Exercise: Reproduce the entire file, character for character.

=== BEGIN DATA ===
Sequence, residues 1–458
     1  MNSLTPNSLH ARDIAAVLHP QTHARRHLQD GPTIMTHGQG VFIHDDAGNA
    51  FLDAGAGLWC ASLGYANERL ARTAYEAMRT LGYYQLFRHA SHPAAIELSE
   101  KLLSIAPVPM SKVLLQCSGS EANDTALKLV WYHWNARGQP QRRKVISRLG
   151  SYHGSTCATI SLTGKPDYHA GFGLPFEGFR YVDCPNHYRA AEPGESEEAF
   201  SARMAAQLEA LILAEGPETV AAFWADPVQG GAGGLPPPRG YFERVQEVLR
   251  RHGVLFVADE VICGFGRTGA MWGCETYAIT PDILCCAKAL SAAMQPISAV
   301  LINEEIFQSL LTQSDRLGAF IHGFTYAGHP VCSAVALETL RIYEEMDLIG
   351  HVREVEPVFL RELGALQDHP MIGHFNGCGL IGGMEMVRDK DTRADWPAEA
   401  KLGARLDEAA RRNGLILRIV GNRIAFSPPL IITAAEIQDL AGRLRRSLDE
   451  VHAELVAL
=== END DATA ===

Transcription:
Sequence, residues 1–458
     1  MNSLTPNSLH ARDIAAVLHP QTHARRHLQD GPTIMTHGQG VFIHDDAGNA
    51  FLDAGAGLWC ASLGYANERL ARTAYEAMRT LGYYQLFRHA SHPAAIELSE
   101  KLLSIAPVPM SKVLLQCSGS EANDTALKLV WYHWNARGQP QRRKVISRLG
   151  SYHGSTCATI SLTGKPDYHA GFGLPFEGFR YVDCPNHYRA AEPGESEEAF
   201  SARMAAQLEA LILAEGPETV AAFWADPVQG GAGGLPPPRG YFERVQEVLR
   251  RHGVLFVADE VICGFGRTGA MWGCETYAIT PDILCCAKAL SAAMQPISAV
   301  LINEEIFQSL LTQSDRLGAF IHGFTYAGHP VCSAVALETL RIYEEMDLIG
   351  HVREVEPVFL RELGALQDHP MIGHFNGCGL IGGMEMVRDK DTRADWPAEA
   401  KLGARLDEAA RRNGLILRIV GNRIAFSPPL IITAAEIQDL AGRLRRSLDE
   451  VHAELVAL